Bradford Corporation v Pickles (1895) AC 587 - the defendant had extracted percolating water which flowed under his land in undefined channels, with the result that the water supply to the claimants reservoir was reduced. The defendant’s motive was to compel the claimant to buy his land at his price. The claimants action failed as the defendant had a right to extract the water and his motive was irrelevant.

Negligence in tort has several meanings. It is a tort in its own right, but it may also refer to careless conduct (which has nothing to do with a state of mind) When a court finds a defendant to be negligent, it is making an assessment of his conduct. The person who totally disregards the safety of others but does not injure them may be morally reprehensible but is not guilty of negligence. The person who tries his best and still falls below the relevant legal standard of behaviour is liable in tort for the damage he causes: Nettleship v Weston (1971) 2 QB 691.

Whether this is the correct approach depends on the purpose of the negligence formula:

If the purpose is to compensate the claimant for his injuries, then it is clearly to the claimants advantage to set the legal standard of reasonable care as high as possible. The victim of a road accident caused by a learner driver is unlikely to be satisfied if the law permitted the learner driver to argue that he had only taken three lessons and was doing the best he could in the circumstances.
If the purpose is to deter the defendant, then setting too high a standard will be counterproductive as the defendant may not be able to avoid accidents.

Strict liability is liability without proof of fault. Some torts of strict liability survive, and Parliament has created others (e.g., industrial safety matters). Some are historical relics, e.g. liability for trespassing livestock. Others, such as the rule in Rylands v Fletcher, are judicial attempts to deal with problems created by the Industrial Revolution. The rule on an employer’s vicarious liability for the torts of his employee is simply a solution to a particular problem One of the most recent additions to the body of torts has been the creation, by Parliament, of strict liability for defective products in the provisions of PART 1 Consumer Protection Act 1987.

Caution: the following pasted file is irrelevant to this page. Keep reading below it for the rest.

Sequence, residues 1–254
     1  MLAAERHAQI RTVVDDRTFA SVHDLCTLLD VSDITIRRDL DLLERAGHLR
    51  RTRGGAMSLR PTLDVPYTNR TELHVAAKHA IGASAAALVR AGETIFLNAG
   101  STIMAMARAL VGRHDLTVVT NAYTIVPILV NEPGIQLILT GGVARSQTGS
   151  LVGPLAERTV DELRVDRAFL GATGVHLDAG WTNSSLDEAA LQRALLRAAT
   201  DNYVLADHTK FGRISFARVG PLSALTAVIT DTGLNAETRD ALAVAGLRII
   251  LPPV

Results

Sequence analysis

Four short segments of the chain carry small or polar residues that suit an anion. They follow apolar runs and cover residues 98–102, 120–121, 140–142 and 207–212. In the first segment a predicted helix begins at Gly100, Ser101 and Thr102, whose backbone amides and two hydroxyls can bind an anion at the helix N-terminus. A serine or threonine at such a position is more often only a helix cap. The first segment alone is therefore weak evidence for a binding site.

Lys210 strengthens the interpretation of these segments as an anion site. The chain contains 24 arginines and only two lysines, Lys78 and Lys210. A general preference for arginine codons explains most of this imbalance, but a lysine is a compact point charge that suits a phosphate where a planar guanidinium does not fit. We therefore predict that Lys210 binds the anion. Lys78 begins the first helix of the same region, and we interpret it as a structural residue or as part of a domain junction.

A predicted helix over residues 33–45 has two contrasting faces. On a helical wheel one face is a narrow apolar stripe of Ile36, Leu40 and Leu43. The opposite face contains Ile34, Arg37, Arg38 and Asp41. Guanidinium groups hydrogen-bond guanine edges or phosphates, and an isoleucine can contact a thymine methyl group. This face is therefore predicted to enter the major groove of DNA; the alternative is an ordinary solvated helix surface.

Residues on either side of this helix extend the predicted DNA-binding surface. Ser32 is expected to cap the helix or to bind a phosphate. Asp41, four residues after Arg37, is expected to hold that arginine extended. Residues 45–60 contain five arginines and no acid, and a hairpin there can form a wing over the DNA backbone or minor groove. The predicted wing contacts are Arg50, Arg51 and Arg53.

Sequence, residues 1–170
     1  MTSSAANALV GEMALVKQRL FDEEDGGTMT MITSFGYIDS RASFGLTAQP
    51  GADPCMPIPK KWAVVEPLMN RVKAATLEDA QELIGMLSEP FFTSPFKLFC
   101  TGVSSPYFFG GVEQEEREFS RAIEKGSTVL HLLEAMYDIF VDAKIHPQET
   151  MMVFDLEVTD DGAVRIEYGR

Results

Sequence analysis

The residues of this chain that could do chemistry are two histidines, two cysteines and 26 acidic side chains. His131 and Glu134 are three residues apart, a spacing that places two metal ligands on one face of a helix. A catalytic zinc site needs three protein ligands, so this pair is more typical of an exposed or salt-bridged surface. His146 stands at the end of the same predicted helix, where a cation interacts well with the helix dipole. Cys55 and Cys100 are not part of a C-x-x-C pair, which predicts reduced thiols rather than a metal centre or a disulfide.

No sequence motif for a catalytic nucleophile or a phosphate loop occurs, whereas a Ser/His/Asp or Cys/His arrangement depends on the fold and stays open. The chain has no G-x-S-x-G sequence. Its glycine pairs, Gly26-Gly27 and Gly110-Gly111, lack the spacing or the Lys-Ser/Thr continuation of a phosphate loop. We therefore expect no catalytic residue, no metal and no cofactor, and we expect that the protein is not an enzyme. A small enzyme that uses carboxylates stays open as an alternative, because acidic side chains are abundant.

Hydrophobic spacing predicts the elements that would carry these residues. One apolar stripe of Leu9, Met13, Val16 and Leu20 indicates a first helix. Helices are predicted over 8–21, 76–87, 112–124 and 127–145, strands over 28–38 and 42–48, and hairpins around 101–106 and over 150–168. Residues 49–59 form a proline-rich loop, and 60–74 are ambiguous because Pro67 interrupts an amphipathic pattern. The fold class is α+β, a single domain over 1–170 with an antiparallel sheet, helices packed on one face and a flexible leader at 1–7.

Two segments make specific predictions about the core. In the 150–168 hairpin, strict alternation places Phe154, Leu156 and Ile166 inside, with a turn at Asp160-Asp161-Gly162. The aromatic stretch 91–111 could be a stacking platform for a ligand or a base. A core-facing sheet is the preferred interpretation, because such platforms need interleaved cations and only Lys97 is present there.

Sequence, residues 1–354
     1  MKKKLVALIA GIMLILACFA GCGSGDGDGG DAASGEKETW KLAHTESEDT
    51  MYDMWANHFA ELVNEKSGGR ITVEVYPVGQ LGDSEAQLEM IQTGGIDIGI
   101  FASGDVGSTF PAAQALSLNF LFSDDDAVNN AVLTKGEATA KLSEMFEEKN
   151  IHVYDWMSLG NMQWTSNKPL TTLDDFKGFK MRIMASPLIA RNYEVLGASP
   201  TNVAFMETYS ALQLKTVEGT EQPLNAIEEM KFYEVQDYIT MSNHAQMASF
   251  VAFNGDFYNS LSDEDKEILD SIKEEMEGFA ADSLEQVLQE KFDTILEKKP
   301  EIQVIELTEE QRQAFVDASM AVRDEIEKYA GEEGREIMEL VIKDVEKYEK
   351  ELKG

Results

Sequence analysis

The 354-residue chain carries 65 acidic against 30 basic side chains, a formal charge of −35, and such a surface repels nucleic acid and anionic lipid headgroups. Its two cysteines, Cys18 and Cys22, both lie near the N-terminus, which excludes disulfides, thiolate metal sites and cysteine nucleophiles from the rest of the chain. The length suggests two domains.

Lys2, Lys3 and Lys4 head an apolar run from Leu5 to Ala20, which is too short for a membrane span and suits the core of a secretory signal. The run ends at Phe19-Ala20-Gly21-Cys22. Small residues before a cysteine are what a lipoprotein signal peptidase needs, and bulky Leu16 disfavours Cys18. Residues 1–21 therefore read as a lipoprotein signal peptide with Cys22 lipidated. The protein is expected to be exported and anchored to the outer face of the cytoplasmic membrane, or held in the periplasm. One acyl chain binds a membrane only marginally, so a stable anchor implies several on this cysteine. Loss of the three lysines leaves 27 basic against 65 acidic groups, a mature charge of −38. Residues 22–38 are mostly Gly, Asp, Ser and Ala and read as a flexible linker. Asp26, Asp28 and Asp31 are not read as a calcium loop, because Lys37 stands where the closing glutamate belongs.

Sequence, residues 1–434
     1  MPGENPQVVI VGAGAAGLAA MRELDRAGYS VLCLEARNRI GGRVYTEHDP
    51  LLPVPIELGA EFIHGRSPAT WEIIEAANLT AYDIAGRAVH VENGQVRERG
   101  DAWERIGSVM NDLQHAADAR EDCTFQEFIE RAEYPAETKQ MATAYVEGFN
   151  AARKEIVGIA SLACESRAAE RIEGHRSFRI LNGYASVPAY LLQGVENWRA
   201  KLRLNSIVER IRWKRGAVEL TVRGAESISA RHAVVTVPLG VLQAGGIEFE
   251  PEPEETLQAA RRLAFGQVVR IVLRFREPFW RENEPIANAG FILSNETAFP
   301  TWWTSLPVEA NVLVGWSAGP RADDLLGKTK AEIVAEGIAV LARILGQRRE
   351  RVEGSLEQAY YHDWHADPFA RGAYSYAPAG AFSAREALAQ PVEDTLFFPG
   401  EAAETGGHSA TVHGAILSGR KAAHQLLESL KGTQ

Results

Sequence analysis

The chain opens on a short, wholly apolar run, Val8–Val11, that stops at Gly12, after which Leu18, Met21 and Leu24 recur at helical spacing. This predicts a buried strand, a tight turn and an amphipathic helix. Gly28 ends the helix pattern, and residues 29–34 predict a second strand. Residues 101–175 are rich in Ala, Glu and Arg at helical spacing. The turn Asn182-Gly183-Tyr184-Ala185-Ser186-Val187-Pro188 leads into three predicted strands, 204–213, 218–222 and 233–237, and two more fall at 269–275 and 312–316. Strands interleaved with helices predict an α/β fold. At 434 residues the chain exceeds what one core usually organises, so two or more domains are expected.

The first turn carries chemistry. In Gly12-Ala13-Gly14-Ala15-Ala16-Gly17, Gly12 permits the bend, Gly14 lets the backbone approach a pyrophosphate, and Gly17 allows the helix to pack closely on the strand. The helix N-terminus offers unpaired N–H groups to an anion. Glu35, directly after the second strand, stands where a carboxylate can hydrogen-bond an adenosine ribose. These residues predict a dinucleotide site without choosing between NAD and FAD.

The objectives of tort are deterrence and compensation; punishment having no place except in the case of exemplary damages: Cassell v Broome (1972) AC 1027. Such damages have been reserved for very precisely defined areas, most judges being wary of tort law possessing a punitive function.

Deterrence may be individual deterrence, the idea being that the infliction of a civil sanction will make the defendant change his behaviour and deter him from causing a similar accident in the future. Does this work? No! Most people believe that individual deterrence has no place in the law of tort.

General deterrence has the idea that tort law should aim to reduce the costs of accidents and accident prevention. Those who participate in accident casing activities should bear the costs of those activities. For example, if a car manufacturer were to be charged with the accident costs of cars in which seat belts were not installed, then the price of cars without seta belts would reflect the accident costs. Rather than impose a law forcing the fitting of seat belts, the market, through the cost of cars without seat belts, would enable people to make a choice between the cheaper cars with belts, or the more expensive ones without them.

In practice, the use of insurance again mitigates against the theory.

Compensation. This is it. It is generally accepted that the main aim of tort is to compensate victims of accidents who have suffered damage, most commonly for personal injury. At present the law shifts losses from the claimant to the defendant when the defendant has been proved to be “at fault”. Over the past few years this idea of a fault-based system has been criticised as inefficient - and I certainly agree with that!

We discussed the situation in New Zealand, which is very different to ours, as they abolished the tort of negligence over 30 years ago.

We then made some comparisons between tort and crime/contract.